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'Duped again'

A Little Rock connection.

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On Sept. 21, 2009, Shannon Michelle Wiggins pleaded guilty in Pulaski County Circuit Court to one count of felony theft of property and two counts of forgery. The victim was Quapaw Quarter United Methodist Church, whose pastor at the time was Rev. Betsy Singleton-Snyder, husband of then-Congressman Vic Snyder.

According to Singleton-Snyder, Wiggins had worked as the church administrator for at least four years, before it was discovered, in July 2007, that she'd been stealing from it. "Everyone considered her a friend," says the minister.

Judge Barry A. Sims sentenced Wiggins to 60 days in jail and five years' probation. She was 39 at the time. He also ordered her to repay the church: $48,017.71 immediately and another $2,800 within 30 days.

Through her attorney, Gregory E. Bryant, of Little Rock, Wiggins had worked out the plea agreement months earlier. By the time she signed the agreement, she had already paid the court the big sum. A few days later, she was able to get her attorney the remainder, to be delivered to the court.

Doug Butler claims that Wiggins got the money that kept her from having to go to jail from Shea Saenger, her aunt in Washington, and that Saenger had obtained the money illegally, by defrauding his elderly father, Norman Butler.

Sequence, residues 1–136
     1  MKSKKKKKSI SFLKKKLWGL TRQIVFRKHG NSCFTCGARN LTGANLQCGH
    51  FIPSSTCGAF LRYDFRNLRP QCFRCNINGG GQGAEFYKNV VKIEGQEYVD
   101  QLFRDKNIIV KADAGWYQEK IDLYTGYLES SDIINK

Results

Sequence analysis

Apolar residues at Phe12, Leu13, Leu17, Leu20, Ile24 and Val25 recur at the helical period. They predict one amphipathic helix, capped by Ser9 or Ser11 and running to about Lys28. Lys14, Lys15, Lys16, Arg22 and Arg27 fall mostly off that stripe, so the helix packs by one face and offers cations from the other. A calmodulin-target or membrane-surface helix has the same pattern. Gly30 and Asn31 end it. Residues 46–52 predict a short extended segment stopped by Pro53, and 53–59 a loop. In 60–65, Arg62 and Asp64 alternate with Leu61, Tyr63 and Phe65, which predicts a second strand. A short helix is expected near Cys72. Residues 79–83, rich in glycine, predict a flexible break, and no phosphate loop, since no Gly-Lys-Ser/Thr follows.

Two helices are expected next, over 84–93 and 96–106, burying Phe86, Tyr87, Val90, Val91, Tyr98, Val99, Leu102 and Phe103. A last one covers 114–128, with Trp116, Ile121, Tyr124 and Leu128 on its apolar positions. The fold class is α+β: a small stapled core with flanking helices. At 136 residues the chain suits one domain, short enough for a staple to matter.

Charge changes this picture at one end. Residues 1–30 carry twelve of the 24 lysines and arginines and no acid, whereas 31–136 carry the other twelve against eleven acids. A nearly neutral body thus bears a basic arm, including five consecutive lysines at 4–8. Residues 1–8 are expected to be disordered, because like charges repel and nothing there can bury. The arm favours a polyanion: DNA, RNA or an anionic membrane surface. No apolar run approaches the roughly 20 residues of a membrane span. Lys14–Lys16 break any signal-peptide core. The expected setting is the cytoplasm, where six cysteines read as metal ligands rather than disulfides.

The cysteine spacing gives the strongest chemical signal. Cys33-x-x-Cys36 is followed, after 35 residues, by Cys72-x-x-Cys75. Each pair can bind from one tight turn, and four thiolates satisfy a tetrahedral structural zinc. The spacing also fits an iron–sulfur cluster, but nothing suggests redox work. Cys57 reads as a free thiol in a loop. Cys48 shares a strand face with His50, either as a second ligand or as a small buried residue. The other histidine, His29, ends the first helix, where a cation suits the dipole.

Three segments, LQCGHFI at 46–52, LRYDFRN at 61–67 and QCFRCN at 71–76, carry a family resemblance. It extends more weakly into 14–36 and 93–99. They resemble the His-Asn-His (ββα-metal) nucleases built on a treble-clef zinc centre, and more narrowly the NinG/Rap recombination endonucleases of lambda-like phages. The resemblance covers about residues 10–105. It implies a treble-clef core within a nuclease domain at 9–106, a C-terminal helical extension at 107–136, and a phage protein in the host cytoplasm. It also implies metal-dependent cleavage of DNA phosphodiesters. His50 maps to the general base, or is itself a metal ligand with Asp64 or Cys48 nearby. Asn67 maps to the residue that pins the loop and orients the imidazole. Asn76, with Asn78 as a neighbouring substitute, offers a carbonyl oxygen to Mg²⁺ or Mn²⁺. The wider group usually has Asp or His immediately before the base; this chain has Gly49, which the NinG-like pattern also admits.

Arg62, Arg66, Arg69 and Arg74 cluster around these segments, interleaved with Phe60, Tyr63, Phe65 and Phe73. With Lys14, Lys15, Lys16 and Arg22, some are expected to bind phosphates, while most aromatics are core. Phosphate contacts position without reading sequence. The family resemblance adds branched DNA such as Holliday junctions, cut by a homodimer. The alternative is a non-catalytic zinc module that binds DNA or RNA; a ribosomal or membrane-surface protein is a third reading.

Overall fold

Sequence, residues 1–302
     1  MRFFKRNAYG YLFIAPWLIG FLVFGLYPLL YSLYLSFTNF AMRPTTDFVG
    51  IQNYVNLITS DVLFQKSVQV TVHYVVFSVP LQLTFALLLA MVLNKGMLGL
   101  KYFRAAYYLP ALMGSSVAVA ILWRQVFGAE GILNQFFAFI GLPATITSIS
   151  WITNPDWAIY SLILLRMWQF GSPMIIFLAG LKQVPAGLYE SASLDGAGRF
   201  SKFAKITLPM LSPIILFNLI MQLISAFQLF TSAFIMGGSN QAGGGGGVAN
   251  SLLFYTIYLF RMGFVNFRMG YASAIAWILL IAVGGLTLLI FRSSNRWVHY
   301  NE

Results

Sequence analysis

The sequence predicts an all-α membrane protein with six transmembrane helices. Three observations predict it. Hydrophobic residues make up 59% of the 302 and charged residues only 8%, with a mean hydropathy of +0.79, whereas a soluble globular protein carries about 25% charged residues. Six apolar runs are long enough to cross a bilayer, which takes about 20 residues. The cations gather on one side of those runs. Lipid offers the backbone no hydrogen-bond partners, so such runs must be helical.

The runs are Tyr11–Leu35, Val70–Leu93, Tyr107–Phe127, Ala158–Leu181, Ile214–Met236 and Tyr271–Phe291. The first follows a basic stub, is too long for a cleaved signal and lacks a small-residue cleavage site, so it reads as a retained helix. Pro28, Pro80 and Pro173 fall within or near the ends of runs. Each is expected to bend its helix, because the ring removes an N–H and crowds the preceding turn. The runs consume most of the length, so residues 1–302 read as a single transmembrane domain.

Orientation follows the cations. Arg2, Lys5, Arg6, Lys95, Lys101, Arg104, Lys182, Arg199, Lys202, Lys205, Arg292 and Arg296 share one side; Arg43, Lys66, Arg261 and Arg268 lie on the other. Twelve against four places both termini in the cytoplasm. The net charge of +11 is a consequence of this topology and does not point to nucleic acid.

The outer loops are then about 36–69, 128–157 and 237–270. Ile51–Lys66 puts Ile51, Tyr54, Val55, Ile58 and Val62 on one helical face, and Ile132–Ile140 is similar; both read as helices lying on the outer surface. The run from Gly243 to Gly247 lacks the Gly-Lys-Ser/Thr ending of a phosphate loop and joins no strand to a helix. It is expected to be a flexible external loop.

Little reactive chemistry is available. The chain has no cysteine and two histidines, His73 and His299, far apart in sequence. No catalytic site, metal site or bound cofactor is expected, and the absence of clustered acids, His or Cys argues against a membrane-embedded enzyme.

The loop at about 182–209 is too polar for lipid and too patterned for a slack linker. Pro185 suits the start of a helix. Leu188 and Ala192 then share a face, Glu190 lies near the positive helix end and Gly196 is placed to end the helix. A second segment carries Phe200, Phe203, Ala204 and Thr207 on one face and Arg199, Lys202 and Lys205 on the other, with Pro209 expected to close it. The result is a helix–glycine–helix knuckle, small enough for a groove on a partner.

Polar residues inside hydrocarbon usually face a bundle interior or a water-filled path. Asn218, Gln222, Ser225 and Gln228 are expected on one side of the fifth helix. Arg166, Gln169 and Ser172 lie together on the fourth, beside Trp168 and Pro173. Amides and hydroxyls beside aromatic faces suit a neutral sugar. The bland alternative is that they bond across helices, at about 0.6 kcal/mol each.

To support his claim, Doug Butler has posted on his website, butlervsaenger.com, copies of two cashiers' checks that Saenger made payable to Wiggins' attorney. The first, dated five months before Wiggins signed her plea agreement, was for $48,018. The second, for $2,800, was purchased on the day that Wiggins was sentenced.

While Butler was in Arkansas to appear in court in Phillips County against other relatives to whom Saenger has admitted sending money she illicitly obtained from Norman Butler, he stopped in Little Rock. He visited the church that had been repaid with his father's money. And he paid a call at the office of the Pulaski County Prosecuting Attorney Larry Jegley.

A deputy prosecutor there recalls meeting with Doug Butler, but says no formal complaint was filed. Larry Jegley, the county's chief prosecutor, wrote in an e-mail that someone from his office would be glad to talk with Butler again. However, he wrote, "With the amount of money involved, we would need an investigative file from a police agency before we could take any action."

At this point, no law enforcement agency in Arkansas is known to be investigating Wiggins or anyone else who received money from Saenger. To the contrary, even though Wiggins is still on probation from her 2009 conviction, she is employed by the Hazen Police Department.

"That really frosts my butt," Doug Butler says. "The money she paid in restitution was money stolen from my dad — and now she works at a police department."

Having taken leave after a heart condition and the birth of triplets, Singleton-Snyder is now at another church. When asked about the way her former church was repaid, she replied, "I think it's horrible. Of course, the church had no idea they were being duped again. Part of what people do in a church is put their trust in one another."

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